Three things you need for a successful awards show. A great host. Great performances. Just a touch of controversy. Sadly this holy trinity has been missing of late in the awards that we would concern ourselves with – MTV, The Meteors, Brits. At best you can hope for the odd glimpse, usually one or two memorable live showings and some musician making a fool of him or herself (who are we kidding, they’re always blokes). The VMAs 09, as well all know by now, saw dear Kanye West return to his default setting after last year’s show stealing performance of ‘Love Lockdown’.
That, however, was still to come as we opened the show with Madonna striding sombrely onto the stage to address the major elephant in the room, the passing of Michael Jackson – an artist who came to define more than most during its glory days. Leaving Madonna’s stunningly self obsessed eulogy aside, the opening number was certainly an old school all singing, all dancing spectacular – even featuring sister Janet in a virtual duet on -Scream’. Put aside the fact that if he had lived and attempted those London shows his career may well have been in tatters, but they still handled the inevitable well and with style.
From there on the whole thing becomes a tad confusing for those on this side of the Atlantic or over fifteen years old. Who are these people being wheeled out to read the autocue badly and mess up their carefully scripted ad-libs? Why have only a grand total of what feels like five different artists been nominated across the categories? And what the hell is Kanye West doing? At least we can answer the last one. He’s making a fool of himself. Again.
What is it with West and these awards? As one of the State writers put it, he probably thinks he’s showing maturity by bitching about someone else not winning as opposed to himself. As it was, his intervention was a classic hide behind your hands moment – not least for the obviously mortified Beyonce. Taylor Swift, meanwhile, just crumbled and every mention of the rapper’s name for the rest of the evening was roundly booed. In 808s & Heartbreak he made a career defining record. On Sunday he defined himself for all the wrong reasons.
As the award giving continued it became clear that the homogenisation of American mainstream music has reached an absurd level. You would swear that the nominees for Best Male were all for the same video, the same song even. We know that hip-hop and r ‘n’ b dominate the US charts but could there have not been some attempt to show a musical world beyond them? Well actually there was a Breakthrough Artist, won by Matt & Kim ahead of Bat For Lashes, Passion Pit and Major Lazer but that category wasn’t deemed worthy of broadcast, as sure as Kid Cudi, Wale and any other interesting hip-hop artist was relegated to playing during the many ad breaks.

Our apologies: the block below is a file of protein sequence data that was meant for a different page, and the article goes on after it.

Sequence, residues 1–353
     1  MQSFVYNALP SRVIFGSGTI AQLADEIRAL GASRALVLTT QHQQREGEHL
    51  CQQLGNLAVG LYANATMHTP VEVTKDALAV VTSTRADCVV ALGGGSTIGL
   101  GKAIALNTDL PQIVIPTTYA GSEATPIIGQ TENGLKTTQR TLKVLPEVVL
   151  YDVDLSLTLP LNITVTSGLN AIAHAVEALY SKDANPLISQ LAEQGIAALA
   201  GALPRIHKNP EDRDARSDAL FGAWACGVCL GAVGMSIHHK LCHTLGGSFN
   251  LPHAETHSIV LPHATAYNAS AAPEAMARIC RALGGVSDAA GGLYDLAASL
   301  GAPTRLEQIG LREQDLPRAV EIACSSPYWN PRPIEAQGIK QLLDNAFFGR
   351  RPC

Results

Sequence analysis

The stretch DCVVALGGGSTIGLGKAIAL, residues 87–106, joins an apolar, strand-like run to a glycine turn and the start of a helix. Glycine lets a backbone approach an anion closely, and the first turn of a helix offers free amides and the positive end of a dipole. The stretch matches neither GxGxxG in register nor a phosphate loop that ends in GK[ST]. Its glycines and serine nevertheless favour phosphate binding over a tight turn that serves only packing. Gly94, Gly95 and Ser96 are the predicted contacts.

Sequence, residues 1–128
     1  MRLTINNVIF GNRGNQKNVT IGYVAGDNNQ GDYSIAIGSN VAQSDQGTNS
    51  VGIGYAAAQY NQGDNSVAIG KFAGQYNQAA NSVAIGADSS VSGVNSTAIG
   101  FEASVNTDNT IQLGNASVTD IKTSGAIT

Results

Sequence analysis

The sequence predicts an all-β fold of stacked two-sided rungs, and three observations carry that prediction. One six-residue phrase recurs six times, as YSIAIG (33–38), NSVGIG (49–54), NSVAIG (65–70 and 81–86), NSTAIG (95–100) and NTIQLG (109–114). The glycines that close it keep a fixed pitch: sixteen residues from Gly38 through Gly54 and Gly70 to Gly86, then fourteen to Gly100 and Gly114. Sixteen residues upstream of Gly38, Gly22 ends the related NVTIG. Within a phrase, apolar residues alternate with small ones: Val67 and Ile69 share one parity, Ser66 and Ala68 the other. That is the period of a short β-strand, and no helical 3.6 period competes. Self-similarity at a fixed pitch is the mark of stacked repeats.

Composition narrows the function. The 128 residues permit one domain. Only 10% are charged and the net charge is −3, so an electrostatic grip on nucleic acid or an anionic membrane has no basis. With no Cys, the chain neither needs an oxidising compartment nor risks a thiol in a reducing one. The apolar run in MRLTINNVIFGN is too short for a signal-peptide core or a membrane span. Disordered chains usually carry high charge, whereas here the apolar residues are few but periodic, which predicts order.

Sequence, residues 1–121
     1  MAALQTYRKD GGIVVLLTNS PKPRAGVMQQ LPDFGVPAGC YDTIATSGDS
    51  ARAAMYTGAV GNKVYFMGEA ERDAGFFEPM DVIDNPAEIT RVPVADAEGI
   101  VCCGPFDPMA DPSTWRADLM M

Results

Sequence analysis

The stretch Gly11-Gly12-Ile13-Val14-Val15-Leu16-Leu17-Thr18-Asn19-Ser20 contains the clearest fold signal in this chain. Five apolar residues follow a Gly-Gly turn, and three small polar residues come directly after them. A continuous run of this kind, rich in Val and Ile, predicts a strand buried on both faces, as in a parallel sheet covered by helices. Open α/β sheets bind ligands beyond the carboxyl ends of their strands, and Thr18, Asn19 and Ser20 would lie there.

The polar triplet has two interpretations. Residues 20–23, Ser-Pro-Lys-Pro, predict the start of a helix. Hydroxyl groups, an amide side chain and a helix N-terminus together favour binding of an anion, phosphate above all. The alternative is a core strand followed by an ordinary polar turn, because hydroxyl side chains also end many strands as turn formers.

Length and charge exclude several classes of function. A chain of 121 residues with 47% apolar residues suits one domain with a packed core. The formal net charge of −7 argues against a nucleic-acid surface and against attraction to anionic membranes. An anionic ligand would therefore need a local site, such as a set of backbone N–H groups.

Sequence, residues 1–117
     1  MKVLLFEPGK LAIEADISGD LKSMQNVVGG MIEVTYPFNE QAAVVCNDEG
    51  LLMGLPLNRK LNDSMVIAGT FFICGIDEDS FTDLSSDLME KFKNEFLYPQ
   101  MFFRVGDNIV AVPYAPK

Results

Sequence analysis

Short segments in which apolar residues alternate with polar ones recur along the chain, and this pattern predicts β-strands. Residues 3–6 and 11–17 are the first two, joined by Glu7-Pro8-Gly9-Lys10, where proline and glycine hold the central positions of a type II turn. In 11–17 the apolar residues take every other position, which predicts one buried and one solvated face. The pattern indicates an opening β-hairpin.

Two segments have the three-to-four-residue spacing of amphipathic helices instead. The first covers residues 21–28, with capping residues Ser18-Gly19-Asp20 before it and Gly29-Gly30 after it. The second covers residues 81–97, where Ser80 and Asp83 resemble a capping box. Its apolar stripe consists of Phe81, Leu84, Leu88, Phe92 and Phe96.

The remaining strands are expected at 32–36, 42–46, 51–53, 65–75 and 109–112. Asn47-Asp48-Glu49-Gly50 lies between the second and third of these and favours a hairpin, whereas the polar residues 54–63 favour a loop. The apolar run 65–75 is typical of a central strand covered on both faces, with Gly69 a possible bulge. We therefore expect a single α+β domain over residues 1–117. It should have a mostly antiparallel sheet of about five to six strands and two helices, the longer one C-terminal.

Back in the (not so) real world, the artist of the night is unavoidably Lady Gaga. Any country that considers this woman as the pinnacle of pop music is seriously in trouble. Take away the horrible kookiness, stupid. stupid, stupid outfits and tabloid fascination and you’re left with very little. Surely this performance was an overblown exercise in papering over the cracks….
After a show that was neither amazingly good or stupifyingly bad, mainly just dull, what the VMAs needed was a big finish. The arrival of Jay-Z had been trailed all evening and as a cavalcade of limos pulled up outside Radio City, it looked as if we might just get it. And we just about did, thanks more to an amazing Alicia Keys than perhaps Jay himself, but at least he proved that – in the right hands – black American music can still have a commanding and beguiling presence. Every year, however, and every VMAs make that faith harder and harder to maintain.